A 'family man' who's content in shadows The reputed mob boss keeps a low profile.

Posted: December 02, 2007

Joseph Ligambi, the reputed mob boss of Philadelphia, is an early riser, often out of the house by 6 a.m.

But unlike his predecessors - who, not coincidentally, are in jail - Ligambi spends most of his nights at home.

"He's a quiet family man," said an associate without a trace of irony in his voice.

"He's more interested in making money than in making headlines," adds Capt. Charles Bloom of the Philadelphia Police Department's Criminal Intelligence Unit.

Low-key, circumspect, and happy to stay in the shadows.

That's the picture of the onetime bartender and bookmaker as he marks an unofficial anniversary as the alleged head of what used to be the most dysfunctional crime family in America.

It's a picture painted both by law enforcement officials and by several associates who, because of Ligambi's desire for privacy, would speak only anonymously.

Ligambi, 68, has quietly brought stability back to the troubled Philadelphia-South Jersey branch of La Cosa Nostra with a business approach that is a reflection of his personality, they say.

Gone are the nights of wiseguys carousing at bars and clubs along Delaware Avenue, an entourage of hip gangsters out to see and be seen.

Gone, too, are the high profile parties, media-oriented charity affairs, and celebrity-like appearances at sporting events and social gatherings.

And gone, at least over the last four years, are the wanton acts of violence that attracted investigators, spawned informants, and tore the organization apart.

"He's interested in two things," said a former wiseguy. "Peace . . . and money."

He appears to have both.

Ligambi lives comfortably in a $275,000 brick corner rowhouse in an upscale South Philadelphia neighborhood. The neatly appointed home includes a carport and deck out back and a small patio in front.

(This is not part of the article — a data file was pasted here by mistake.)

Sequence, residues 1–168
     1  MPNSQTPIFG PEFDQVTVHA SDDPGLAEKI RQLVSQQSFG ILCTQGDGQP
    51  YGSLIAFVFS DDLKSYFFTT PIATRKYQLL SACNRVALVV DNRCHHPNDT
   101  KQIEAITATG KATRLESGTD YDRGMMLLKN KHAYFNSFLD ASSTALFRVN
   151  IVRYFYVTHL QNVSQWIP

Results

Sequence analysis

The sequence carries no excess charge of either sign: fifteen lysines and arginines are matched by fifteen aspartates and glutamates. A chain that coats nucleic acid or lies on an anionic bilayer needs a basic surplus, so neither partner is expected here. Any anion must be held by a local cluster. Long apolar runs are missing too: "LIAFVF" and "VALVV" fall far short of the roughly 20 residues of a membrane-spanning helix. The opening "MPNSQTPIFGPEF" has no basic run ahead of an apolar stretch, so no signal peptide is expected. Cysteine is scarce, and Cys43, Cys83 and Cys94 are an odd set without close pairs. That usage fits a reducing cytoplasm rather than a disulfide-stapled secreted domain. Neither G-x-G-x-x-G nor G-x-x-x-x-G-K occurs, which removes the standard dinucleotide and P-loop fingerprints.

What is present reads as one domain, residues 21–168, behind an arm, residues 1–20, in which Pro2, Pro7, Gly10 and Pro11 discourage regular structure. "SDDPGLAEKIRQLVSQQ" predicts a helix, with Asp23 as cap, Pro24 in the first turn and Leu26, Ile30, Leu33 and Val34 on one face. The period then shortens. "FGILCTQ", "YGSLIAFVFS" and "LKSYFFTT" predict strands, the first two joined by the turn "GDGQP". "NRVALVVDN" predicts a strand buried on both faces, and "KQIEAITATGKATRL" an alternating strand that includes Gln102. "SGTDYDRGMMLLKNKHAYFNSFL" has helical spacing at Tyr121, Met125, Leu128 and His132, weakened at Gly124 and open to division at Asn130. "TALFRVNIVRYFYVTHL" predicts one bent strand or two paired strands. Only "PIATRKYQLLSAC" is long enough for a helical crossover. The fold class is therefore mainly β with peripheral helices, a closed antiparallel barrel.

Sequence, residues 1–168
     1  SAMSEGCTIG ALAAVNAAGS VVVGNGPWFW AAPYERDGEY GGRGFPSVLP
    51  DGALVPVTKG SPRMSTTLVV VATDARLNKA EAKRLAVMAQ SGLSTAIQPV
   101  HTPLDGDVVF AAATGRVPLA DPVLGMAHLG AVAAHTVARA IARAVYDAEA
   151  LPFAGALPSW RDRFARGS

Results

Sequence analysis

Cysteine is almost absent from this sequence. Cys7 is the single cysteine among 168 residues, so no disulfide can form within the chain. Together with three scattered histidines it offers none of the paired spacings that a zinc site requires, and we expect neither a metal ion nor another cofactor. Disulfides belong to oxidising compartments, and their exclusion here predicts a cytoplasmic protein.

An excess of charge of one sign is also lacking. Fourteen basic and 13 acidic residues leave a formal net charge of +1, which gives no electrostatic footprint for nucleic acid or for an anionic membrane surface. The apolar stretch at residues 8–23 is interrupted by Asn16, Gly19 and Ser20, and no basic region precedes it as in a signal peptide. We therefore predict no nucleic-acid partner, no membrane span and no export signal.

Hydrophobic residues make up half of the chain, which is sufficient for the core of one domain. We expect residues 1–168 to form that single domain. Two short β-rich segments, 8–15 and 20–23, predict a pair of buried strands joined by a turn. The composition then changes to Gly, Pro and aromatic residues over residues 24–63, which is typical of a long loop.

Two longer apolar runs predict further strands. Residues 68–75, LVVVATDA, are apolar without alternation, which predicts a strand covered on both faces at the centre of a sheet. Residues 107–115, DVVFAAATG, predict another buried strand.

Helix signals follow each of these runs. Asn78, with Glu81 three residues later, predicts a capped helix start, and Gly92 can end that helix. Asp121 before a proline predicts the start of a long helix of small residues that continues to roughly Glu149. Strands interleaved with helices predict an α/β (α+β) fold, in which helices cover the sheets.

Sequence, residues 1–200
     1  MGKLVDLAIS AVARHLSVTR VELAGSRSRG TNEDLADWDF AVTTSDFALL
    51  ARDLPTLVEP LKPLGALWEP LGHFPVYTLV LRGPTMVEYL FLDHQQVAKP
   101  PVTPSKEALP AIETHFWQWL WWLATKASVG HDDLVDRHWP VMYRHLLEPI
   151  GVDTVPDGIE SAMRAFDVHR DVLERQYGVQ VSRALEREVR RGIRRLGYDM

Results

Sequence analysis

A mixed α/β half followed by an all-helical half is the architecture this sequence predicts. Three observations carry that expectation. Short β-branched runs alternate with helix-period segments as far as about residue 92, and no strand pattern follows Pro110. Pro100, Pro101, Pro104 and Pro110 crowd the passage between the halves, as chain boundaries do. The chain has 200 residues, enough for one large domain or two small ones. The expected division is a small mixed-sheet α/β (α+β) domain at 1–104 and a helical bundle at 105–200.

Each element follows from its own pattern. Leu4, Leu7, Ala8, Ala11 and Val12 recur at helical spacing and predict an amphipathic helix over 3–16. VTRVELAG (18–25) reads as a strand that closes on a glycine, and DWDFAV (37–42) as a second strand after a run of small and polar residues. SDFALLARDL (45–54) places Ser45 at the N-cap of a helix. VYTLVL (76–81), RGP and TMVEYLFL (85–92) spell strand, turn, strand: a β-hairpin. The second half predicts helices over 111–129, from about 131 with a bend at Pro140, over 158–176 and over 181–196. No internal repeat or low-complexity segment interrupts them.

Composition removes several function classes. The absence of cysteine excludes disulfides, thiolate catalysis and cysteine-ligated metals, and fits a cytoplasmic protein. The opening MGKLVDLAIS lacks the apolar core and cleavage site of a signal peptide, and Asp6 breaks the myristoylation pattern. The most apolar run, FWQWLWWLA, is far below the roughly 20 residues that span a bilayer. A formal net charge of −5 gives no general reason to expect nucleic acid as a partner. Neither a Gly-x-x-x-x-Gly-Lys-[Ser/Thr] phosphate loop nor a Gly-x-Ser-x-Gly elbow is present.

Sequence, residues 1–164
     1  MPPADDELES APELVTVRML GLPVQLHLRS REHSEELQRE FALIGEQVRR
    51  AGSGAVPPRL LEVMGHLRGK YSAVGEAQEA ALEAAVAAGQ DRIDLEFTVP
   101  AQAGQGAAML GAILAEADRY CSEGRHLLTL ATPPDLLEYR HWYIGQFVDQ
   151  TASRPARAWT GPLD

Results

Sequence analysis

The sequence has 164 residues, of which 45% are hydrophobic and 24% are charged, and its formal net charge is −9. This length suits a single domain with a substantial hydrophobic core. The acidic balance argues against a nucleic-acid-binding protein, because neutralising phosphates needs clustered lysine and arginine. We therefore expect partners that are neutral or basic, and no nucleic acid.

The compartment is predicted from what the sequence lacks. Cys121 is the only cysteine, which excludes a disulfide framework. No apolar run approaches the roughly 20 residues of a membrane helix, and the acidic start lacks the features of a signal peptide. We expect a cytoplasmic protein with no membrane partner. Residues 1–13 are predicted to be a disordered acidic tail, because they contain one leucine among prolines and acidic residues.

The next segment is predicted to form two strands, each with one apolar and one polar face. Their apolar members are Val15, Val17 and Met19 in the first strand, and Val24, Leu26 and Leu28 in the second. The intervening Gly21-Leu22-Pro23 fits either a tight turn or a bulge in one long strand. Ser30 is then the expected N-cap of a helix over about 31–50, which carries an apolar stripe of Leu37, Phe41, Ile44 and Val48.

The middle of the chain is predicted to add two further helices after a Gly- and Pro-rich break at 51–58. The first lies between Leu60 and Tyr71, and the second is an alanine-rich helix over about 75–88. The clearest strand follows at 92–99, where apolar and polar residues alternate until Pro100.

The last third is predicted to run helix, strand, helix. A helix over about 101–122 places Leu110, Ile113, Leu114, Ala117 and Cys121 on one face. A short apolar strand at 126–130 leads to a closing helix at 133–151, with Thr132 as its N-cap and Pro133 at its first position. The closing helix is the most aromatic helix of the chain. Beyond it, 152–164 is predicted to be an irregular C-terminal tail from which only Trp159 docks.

The house is in the name of his wife, Olivia, according to tax records. He has three sons, two of whom are reportedly attending college. The third works in the building trades, according to sources.

Ligambi spends most summers at a rental home in a posh section of Margate at the Jersey Shore. He drives nice cars, most recently a black Cadillac STS.

And since November 2003, there hasn't been a serious act of violence attributed to the organization.

Even his nickname, "Uncle Joe," is benign.

Ligambi, through his attorney, M.W. "Mike" Pinsky, declined to comment last week. The usually loquacious Pinsky said he could not respond to questions about his client, including several inquiries about Ligambi's employment and sources of income.

Police say Ligambi claims to be "retired."

"He's very low-key," said Bloom. "That's the way he runs the organization. . . . They're not as big and strong as they once were, but . . . they're doing business."

Bloom's unit, along with the FBI, has been tracking Ligambi since his return to South Philadelphia in 1997, after serving 10 years for a gangland murder conviction that was later overturned.

Police say Ligambi eschews the celebrity-gangster style of his predecessor, Joseph "Skinny Joey" Merlino, and the volatile, take-no-prisoners approach of his onetime underworld mentor, Nicodemo "Little Nicky" Scarfo.

Merlino, serving a 14-year sentence on federal racketeering charges, was the John Gotti of Passyunk Avenue, whose comings and goings were chronicled in front-page stories and gossip columns.

Young, brash and media-savvy, Merlino garnered headlines by hosting an annual Christmas party for homeless children; sponsoring Thanksgiving turkey giveaways in low-income housing projects; and pitching for a South Philadelphia softball team whose games attracted fans and police surveillance cameras.